Unionization of government employees is the ultimate in unionization. It is the embodiment of the ideal toward which unionism is bent. That ideal, or aim, has been obscured by the quasi-religious ideology within which unions operate. The bent of unionism is to monopolize the available labor supply in an industry and to eliminate all competing laborers. By so doing, it can raise the price of labor—in wages, working conditions, and fringe benefits. But labor unions are ever being thwarted, or at least restrained, in private industry.
They are restrained by the fact that most private businesses do not have a monopoly. There are competitors, both domestic and foreign, in the making and sale of most products. Even if every current producer in an industry is organized within the United States, there would still be the problem of foreign competition. Moreover, if union demands go beyond a certain point there is nothing to keep others from going into business with non-union workers. True, a new business might itself be organized, but that could be a never-ending process. There is the problem, too, of the elasticity of demand for most goods, which means that if the good in one industry is priced very high because of labor costs customers will shift to other goods. For example, if coal gets too expensive, people may shift to gas, kerosene, electricity, or wood for heating. Much of this actually happened after World War II when the United Mine Workers drove the price of coal so high.
A Prime Target
Public utilities represent nearly as good a target for unionization as does government. They usually have a monopoly for providing their particular services in an area. But there are still economic and political restraints on what they can pay. The demand for most goods and services provided by public utilities is not inelastic. Substitutions can be and are made. For example, when the price of electricity rose precipitately a few years ago, many people shifted to gas and other fuels for heating. Most people do consider some residual amount of electricity a necessity, so that at some point far below current use the demand for electricity may be very nearly inelastic. There is yet another economic restraint. Public utilities are generally privately owned and operated in the hope of profit. That places some restraint on what unions can effectively demand. On top of this, government controls prices that can be charged, placing limits, at any particular time, on what can be paid to labor. Thus, public utilities approach the ideal for unionization but fall short of it.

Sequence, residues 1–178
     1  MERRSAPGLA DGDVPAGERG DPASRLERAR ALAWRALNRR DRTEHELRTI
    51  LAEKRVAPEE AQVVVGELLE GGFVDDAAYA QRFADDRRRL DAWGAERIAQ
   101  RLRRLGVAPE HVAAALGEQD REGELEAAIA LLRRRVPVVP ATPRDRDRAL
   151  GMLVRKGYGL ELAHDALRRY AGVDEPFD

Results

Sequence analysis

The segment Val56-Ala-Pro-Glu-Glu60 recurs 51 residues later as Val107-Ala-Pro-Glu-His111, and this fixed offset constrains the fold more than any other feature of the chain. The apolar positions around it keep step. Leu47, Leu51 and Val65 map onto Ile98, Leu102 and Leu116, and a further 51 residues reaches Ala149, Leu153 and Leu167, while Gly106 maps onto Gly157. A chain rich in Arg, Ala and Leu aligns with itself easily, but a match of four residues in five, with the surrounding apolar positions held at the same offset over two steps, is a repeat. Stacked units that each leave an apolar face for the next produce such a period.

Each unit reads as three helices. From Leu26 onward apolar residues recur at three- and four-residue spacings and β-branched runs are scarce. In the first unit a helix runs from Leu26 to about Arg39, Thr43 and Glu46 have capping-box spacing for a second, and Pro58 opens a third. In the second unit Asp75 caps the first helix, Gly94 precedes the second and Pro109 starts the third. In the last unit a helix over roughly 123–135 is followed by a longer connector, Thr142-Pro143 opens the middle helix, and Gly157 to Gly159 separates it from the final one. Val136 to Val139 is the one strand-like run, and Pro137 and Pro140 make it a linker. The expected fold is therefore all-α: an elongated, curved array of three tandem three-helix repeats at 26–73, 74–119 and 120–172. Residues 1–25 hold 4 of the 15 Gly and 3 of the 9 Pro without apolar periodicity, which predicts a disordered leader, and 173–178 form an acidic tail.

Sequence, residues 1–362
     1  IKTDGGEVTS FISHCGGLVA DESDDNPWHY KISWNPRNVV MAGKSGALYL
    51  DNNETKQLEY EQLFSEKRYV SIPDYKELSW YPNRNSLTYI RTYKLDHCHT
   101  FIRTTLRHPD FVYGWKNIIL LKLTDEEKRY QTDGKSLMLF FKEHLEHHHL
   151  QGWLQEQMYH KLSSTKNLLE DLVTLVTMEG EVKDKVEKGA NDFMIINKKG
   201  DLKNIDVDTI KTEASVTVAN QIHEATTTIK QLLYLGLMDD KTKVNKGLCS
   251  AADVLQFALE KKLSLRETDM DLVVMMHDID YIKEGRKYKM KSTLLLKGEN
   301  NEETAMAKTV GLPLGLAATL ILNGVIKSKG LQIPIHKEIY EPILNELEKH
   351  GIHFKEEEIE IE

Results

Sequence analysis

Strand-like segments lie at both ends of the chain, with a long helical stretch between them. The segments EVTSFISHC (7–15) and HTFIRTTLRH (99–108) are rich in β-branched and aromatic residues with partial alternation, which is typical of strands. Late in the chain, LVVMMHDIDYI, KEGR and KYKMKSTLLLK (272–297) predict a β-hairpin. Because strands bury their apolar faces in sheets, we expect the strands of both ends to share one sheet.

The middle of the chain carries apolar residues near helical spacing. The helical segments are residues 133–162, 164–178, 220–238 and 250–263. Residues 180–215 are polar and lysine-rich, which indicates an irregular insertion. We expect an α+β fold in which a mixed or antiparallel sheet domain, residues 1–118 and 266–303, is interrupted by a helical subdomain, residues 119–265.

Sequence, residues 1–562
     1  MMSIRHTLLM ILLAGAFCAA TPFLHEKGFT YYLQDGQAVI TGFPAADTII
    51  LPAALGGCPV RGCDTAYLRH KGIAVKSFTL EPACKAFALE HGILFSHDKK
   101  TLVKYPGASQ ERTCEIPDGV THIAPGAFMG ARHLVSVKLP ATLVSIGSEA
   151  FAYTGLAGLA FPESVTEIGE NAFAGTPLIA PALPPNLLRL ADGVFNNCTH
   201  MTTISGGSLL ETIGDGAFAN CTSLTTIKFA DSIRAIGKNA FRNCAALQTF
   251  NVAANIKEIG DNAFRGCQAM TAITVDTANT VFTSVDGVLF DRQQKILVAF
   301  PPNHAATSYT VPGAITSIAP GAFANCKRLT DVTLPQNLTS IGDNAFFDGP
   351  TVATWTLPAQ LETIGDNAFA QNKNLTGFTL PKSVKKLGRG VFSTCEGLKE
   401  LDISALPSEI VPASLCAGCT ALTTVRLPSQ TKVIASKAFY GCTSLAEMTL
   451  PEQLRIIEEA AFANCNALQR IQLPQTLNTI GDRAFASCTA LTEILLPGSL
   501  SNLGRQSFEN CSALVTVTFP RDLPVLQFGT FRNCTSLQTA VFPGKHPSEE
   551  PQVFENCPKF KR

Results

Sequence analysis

By contrast, there is very little economic restraint upon government which would hinder unions in attaining their goals. As one book puts it:
Government is a growth industry that receives little competition from other industries; in fact, it is usually the sole dispenser of the goods and services it offers the public. Therefore, government is not faced with the market competition that characterizes the private sector of the economy. Consumers have no choice in the purchase of most government products. Usually they are required by law to pay for government services through taxes, regardless of whether they use the services. Price increases are passed along in the form of higher taxes, without fear of losing customers.
Even when government offers services similar to those which are offered privately it rarely, if ever, competes on equal terms. The monopoly power is waiting in the wings, and the tax base is there to backstop its efforts. A good example is government activity in providing educational services. While use of the public schools is voluntary, school attendance is compulsory for children. But a private school has to compete on highly disadvantageous terms. Schools run by governments do not charge tuition but are fi nanced with tax monies. Parents who do not send children to public school still have to pay the taxes, plus whatever it may cost to send them to private schools. Private colleges are usually at a great disadvantage in what they must charge compared with state subsidized colleges. The tendency of government is to extend its monopoly character to whatever enterprise it enters.
The union thrust to organization of government employees is a move to get leverage over a tax-based monopoly. It is a move to control the labor supply to government and thus to achieve union ends restrained only by political power and the limits of productivity within a nation. The political activities of unions suggest, also, that they work to remove what restraint to their goals there is in political power.